Flying into Dar es Salaam most tourists will land at Julius Nyerere International Airport situated 12km south west of the city centre. DAR is one of East Africa’s busiest airports and you can fly direct or indirect with numerous international airlines. Note there are no direct flights from the USA and these will be routed via Europe.
Overland travel from other destinations in East Africa by either bus, train or car involve long distances and should only be tackled with an organised tour group.
The biggest airport in the Republic of Tanzania is Julius Nyerere International Airport in Dar es Salaam. It is one of East Africa’s busiest airports and is serviced by 23 airlines including KLM, Air France, Swiss Airlines, Emirates and South African Airways so, flying in from anywhere in the world should be easy. The airport is situated 12km to the south west of Dar es Salaam. There are two terminals but this is likely to be upgraded in the near future with a third terminal in the pipeline. Taxis are available to transfer passengers between terminals, terminal 2 catering for international traffic and regional scheduled flights while terminal 1 is for general aviation and charter services. You can travel from the airport by bus, taxi or hotel shuttle. The bus service runs 24hrs a day, leaving from just outside the terminus and takes about 40minutes to the centre of town. Taxis are available to any destination but are not metered so be sure to negotiate a price before you leave. Alternatively most hotels will arrange a shuttle service directly to your hotel door.
Zanzibar International Airport is situated about 6km from the UNESCO world heritage site of Stone Town in Zanzibar City. The airport, also known as Kisauni Airport is located on the Unguja island of the Zanzibar archipelago. This airport is conveniently accessed from major East African destinations like Nairobi, Arusha, Mombasa, Kilimanjaro and Dar es Salaam but only a handful of flights direct from Europe. There are plenty of taxis waiting to take you into Stone Town and don’t be afraid to bargain a bit as prices are negotiable, alternatively most hotels will provide a shuttle service.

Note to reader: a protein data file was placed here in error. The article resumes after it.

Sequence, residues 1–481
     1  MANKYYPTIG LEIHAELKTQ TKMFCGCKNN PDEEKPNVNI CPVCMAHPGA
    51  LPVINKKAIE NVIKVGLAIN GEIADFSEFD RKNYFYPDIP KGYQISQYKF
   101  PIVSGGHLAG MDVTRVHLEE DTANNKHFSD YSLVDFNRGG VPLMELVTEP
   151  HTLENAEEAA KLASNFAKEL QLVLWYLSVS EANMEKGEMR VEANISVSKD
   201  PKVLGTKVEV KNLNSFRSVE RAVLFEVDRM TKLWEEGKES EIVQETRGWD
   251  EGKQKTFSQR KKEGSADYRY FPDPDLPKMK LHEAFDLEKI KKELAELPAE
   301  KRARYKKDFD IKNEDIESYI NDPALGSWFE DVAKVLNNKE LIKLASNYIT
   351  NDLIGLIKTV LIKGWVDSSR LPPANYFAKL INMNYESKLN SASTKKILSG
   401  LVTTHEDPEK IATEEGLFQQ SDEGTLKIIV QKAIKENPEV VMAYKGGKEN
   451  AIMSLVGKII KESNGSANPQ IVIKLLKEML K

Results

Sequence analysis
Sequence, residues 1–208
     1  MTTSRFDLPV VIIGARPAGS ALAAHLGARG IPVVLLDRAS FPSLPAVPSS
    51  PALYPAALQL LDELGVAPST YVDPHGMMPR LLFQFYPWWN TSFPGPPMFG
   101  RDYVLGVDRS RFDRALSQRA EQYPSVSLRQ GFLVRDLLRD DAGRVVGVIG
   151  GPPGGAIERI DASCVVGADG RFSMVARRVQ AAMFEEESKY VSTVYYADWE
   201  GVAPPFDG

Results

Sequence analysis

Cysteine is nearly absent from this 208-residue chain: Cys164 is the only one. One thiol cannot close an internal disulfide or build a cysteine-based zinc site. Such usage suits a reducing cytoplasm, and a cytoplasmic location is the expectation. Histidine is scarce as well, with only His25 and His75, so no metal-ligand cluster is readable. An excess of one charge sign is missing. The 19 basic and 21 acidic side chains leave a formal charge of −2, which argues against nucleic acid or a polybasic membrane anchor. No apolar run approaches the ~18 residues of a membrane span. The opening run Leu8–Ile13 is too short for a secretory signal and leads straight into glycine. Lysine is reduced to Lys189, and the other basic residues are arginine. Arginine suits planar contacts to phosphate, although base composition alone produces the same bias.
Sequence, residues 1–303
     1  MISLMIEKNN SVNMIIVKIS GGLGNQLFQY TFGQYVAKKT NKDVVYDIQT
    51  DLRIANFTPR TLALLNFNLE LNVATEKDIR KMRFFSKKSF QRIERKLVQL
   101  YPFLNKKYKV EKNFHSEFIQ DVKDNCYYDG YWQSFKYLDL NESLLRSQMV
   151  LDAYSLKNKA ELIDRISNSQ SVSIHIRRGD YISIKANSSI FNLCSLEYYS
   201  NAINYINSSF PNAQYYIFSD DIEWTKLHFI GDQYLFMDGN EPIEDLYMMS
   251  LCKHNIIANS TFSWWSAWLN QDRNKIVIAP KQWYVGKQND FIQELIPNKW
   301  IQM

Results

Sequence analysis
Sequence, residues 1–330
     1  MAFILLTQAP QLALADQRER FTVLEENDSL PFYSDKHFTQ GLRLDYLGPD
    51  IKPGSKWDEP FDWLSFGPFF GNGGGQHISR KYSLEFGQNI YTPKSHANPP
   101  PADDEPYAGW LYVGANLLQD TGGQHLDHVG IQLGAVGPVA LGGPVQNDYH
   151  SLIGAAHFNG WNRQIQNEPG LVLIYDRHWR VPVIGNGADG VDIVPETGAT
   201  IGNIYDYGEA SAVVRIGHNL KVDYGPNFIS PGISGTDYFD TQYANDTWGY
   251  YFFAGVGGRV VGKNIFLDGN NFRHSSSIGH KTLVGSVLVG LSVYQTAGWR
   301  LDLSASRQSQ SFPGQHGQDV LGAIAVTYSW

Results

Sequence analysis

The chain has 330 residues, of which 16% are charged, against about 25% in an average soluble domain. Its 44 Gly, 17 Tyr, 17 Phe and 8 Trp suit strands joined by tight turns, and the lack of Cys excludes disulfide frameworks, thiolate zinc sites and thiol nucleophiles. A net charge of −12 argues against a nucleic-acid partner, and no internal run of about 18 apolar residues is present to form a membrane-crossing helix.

Visit the big and bustling Kariakoo Market for local goods and bargains. Go to the busy Kivukoni Fish Market to bid for fresh fish being auctioned. Stop in at Mwenge Carvers’ Market to see the locals creating carvings.
Head into the middle of Dar es Salaam to see the historical Askari Monument, a bronze statue of soldier armed with a bayonet, erected in remembrance of the brave men of the Carrier Corps who fought in World War I.
Walk along Temple Road in chaotic downtown to see the religious side of Dar es Salaam and visit one of the German built churches - the iconic Azania Lutheran Church on the harbour or the St Joseph’s Cathedral which comes alive on Sunday mornings.
Learn more about the historical periods, ethnography and cultural heritage of Tanzania at the National Museum and House of Culture, as well as taking a look at fossils discovered in the famous Olduvai Gorge and a vintage car collection. Just outside of the city lies the Village Museum showcasing traditional Tanzanian homes and lifestyles.
Escape the chaotic city and swim in the warm Indian Ocean, heading north to Jangwani and Mbuja or Bongoyo Islands, or south to the sandy beaches of Kipepeo in the Kigamboni area - great places to relax and eat seafood.
Browse and commission locally produced arts and crafts created by disabled artisans, including high-quality sculptures, jewellery and mixed medium crafts. Go to the Tingatinga Art Center to see brightly coloured traditional style artworks.
Go game viewing in Mikumi National Park, four hours drive from the city if you have a few extra days. See antelopes, hippos, giraffes, buffalos, zebras, crocodiles and even lions in their natural habitat.
Take a sailing trip on a traditional dhow vessel to see the lovely coast, eat authentic Tanzanian food and stop at one of the islands.
Sample local street food like Mishkaki kebabs and roasted corn on the cob, as well as roasted meat, called nyama choma in East African style. Mingle with the locals at Patel Brotherhood - one of many places to eat some delicious Indian food.